In October 2019, CNN reported that drugmaker Sanofi had issued a voluntary recall of Zantac OTC. According to the report, Sanofi is working with the United States Food and Drug Administration to “determine the extent of the recall.” Pharmacy retailers Walmart, Walgreens, and CVS also announced that they were halting the sales of all ranitidine medications over the concerns about the presence of NDMA and negative side effects.
In September 2019, a class-action lawsuit was filed against Boehringer Ingelheim and Sanofi in the U.S. District Court of Northern California, alleging that the companies hid the risks of side effects from the use of Zantac, which contains the active ingredient ranitidine. The lawsuit alleges that Zantac contained high levels of NDMA — more than 26,000 times the amount the FDA has said can be ingested safely on a daily basis. The lawsuit alleges that these pharmaceutical companies violated state consumer protection laws by failing to disclose the presence of NDMA, which the FDA has said is a “probable” cancer-causing chemical.
Understand Your Rights — Talk to a Brown & Crouppen Zantac Lawsuit Attorney Today
Over the years, our team of product liability attorneys has helped the victims of a wide array of dangerous products. Some of the most tragic defective product cases are related to dangerous drugs, including Zantac.
When you contact our legal team to talk about your Zantac cancer lawsuit, our experienced defective drug attorneys know what to do to provide the legal representation you or your family members need.
- We’ll provide a free consultation and evaluation of your case.
- We know what evidence to collect and the best ways to go about it. We’ll contact the appropriate experts, if those are needed.
- We understand the costs of physical, mental, and emotional injuries, including lost wages and medical bills.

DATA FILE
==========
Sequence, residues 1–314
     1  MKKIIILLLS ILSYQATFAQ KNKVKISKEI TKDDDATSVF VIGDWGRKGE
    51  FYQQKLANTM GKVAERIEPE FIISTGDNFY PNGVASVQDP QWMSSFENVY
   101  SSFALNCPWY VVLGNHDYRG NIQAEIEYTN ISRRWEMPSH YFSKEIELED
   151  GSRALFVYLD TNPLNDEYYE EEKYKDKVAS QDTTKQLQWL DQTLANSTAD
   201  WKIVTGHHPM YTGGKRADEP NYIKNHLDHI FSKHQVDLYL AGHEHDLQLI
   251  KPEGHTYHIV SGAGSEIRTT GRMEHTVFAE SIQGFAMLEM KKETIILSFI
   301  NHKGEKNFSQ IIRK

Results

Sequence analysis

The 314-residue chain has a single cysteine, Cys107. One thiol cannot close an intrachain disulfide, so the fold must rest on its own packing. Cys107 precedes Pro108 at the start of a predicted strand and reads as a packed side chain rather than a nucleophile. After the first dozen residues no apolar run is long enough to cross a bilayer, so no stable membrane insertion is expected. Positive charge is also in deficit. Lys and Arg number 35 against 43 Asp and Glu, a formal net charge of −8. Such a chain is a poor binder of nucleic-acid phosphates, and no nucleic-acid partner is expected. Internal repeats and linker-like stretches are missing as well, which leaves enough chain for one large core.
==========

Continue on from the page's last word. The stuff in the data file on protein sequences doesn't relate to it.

- Our team can gather and process the appropriate legal documentation and provide legal advice on your Zantac lawsuit. Every step of the way, we care for you.
- Most importantly, we work for you. Our law firm is dedicated to fighting for justice, and we have the track record to back it up with more than $1 billion won in personal injury cases.
A Law Firm that Cares — Get the Justice and Compensation You Deserve
If you or a loved one have taken Zantac (Ranitidine) for heartburn and have been diagnosed with cancer, it may be best to consult an attorney. For more than 40 years, the personal injury lawyers at the law firm of Brown & Crouppen have been helping the victims of defective drugs, like Zantac, get the justice they deserve.
It all Starts with A Free Case Evaluation from the Zantac Lawsuit Attorneys at Brown & Crouppen
Getting started is easy. You can call us at 800-536-4357 for a free consultation, or tell us about your case with our Free Case Review form. And remember, there’s no upfront cost to you — if you don’t get paid, we don’t get paid.
Do not stop taking a prescribed medication without first consulting your doctor. Discontinuing a prescribed medication without your doctor’s advice can result in injury or death.